original post-date: October 20, 2010
In at least one previous post, I shared how, as a child, I had a tendency to interpret the meaning of things with a strong sense of the literal. I corrected my mother when she suggested that she might “tuck me in.” I assumed teachers were constantly bestowed with gifts by virtue of how many kids answered the roll call with “present.” I thought the phone’s busy signal indicated an inordinate amount of activity in the home being called…
Well, here’s another anecdote. It’s about the Beatles.
Back in the early- to mid-Sixties, our family had a few routines, and one of them occurred on Sunday nights. Martha and I would watch The Wonderful World of Disney as Mom and Dad would hang out in another part of the large basement room, preparing the main course of our Sunday night supper: square hamburgers (pre-made frozen patties) prepped in the electric frying pan and ultimately placed between two slices of white bread. Generally, dinner would be ready in time for The Ed Sullivan Show, which we would watch together, en famille.
The basement in question went through a nice metamorphosis during the summer of 1967, but before that, it was a little skanky. And on either side of the change were the insects and household creatures that are simply indigenous to where you live.
In our basement, the indigenous crop of insects included beetles, and although they showed up regularly, they never felt intrusive. A little less than an inch long and black in color, they always seemed innocent enough. (They certainly never seemed as gross as the cockroaches I would confront years later, when I lived in New York.) Beetles were simply part of rural life, and there was no denying our rural life: on the other side of the backyard’s barbed wire fence was a cow pasture (and the requisite cows).
So I guess it was late January, early February of 1964 when Mom started getting excited. She just couldn’t wait for the upcoming Ed Sullivan Show. “The Beatles!” she would say, enthusiastically. “The Beatles are going to be on Ed Sullivan!”
Just over six years old, I wasn’t up on current events, and because I never asked my mother to SPELL OUT her enthusiasm, I could only draw my own conclusions. So, for that week before the infamous debut of the Beatles in the states, I had a vision. I imagined these incredibly large bugs jumping through hula-hoops. I kid you not. And, by the way, if you were a kid my age watching Sullivan, you will have to admit that an act like that would not be out of the question. Sure, it might have made Topo Gigio and the venerable plate-spinners feel totally upstaged, but, come on, it could have happened!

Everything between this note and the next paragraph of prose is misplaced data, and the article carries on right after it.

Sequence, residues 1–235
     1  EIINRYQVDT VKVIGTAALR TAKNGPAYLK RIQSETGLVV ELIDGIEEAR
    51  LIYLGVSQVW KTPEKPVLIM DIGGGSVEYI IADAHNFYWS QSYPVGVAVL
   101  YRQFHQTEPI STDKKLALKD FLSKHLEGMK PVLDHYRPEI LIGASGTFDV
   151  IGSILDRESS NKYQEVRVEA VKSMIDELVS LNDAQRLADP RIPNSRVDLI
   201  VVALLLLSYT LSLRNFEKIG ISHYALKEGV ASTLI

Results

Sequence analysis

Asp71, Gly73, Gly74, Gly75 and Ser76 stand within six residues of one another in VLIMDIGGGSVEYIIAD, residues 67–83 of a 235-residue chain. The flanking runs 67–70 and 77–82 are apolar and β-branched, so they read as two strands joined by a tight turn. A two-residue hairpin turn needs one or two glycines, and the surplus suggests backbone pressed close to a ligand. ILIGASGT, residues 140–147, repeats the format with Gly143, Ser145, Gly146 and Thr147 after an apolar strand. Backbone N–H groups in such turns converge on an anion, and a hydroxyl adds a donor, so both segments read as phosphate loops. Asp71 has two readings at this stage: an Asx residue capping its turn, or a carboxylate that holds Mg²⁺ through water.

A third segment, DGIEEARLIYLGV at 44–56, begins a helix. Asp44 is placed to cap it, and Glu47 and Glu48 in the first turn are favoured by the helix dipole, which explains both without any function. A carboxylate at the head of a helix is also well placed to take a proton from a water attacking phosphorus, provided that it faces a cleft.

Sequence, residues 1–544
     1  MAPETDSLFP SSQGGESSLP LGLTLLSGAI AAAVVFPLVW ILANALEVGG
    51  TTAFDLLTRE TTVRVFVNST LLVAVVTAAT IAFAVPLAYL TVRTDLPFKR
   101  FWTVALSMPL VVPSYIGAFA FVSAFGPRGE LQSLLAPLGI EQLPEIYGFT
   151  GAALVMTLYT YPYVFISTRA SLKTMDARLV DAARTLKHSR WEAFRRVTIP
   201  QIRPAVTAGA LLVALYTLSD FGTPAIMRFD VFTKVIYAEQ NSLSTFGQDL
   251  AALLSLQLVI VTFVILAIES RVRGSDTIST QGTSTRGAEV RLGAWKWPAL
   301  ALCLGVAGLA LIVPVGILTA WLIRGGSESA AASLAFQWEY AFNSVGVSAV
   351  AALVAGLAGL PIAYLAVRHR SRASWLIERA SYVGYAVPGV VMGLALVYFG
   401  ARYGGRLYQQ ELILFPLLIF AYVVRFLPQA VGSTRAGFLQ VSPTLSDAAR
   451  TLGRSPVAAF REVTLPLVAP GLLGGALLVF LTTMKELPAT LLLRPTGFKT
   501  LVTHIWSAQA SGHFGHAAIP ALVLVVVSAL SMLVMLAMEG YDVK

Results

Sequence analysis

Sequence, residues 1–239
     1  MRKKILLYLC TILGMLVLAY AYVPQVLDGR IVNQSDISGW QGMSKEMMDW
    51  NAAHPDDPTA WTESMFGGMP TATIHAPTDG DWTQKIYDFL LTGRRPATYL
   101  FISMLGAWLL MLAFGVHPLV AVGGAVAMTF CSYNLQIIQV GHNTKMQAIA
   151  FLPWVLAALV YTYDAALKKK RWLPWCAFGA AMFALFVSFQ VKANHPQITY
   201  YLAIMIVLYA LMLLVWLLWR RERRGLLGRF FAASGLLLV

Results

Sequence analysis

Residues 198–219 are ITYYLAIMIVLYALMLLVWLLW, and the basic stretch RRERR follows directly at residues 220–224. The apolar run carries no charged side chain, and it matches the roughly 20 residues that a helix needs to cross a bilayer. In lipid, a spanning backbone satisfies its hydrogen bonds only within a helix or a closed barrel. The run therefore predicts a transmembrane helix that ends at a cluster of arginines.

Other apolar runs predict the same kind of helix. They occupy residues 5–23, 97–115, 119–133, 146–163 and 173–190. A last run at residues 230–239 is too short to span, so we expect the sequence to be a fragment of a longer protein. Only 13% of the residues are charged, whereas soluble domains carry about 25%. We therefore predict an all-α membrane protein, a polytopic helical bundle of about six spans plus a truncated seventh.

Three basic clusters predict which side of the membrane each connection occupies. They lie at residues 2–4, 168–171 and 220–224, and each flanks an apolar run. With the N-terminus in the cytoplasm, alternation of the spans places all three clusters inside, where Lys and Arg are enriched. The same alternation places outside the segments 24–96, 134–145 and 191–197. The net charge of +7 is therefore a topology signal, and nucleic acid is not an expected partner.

Of course, and as we all know, it didn’t happen as I had imagined it. No insects jumping through hula-hoops that night, but rather a fabulous foursome of mop-headed boys, and among them, one who was (“sorry girls”) married.
Martha and I quickly identified our bachelors. For me, Paul. For my sister, George. And during the entire telecast, I don’t remember once looking back at the couch where Mom and Dad were sitting. I never once looked to see the joy that must undoubtedly have been spread across my Mom’s face. After all, she was the one who had been so excited about this event.
I do, though, remember so many instances, in the years thereafter, of jumping in the car when Mom would come to pick me up from school. Her smile broad, she’d share, “I just bought the latest Beatles album!”
I also remember working on a school report once. I was probably in 4th grade at the time. At that point, our family’s Beatles collection probably included no fewer than seven albums. As for my report? It was about friction, and a line therein contained the following phrase, “rubber souls help…”
My mother saw the line and was compelled to comment. “Look at that,” she said. “You’ve got two Beatle album titles in a row there!”
Of course, I could have corrected her in that moment. I could have pointed out to my mother that the album Rubber Soul is in the singular, not the plural. I think the thought even crossed my mind at the time. But I decided to dispense with any parsing. I clearly was growing into a different phase of my life.
Thanks to my mother and the band she introduced me to, I was beginning to view things a little less literally. And I would need that new mindset for the grey areas that lay ahead.
… In the liner notes of Flaming Pie, which – in my opinion – is the most Beatles-sounding of any album Paul McCartney has recorded since he became independent, there are comments from the artist regarding each song. I loved reading this note that Paul wrote about the song, The World Tonight: “The lyrics were just gathering thoughts. Like ‘I go back so far, I’m in front of me’ – I don’t know where that came from, but if I’d been writing with John he would have gone ‘OK, leave that one in; we don’t know what it means but we do know what it means.’”
I love that. We don’t but we do. It’s like spelling the name with a Bee or a Bea. Whatever is meant to take the stage will take the stage.
And history will unfold from there.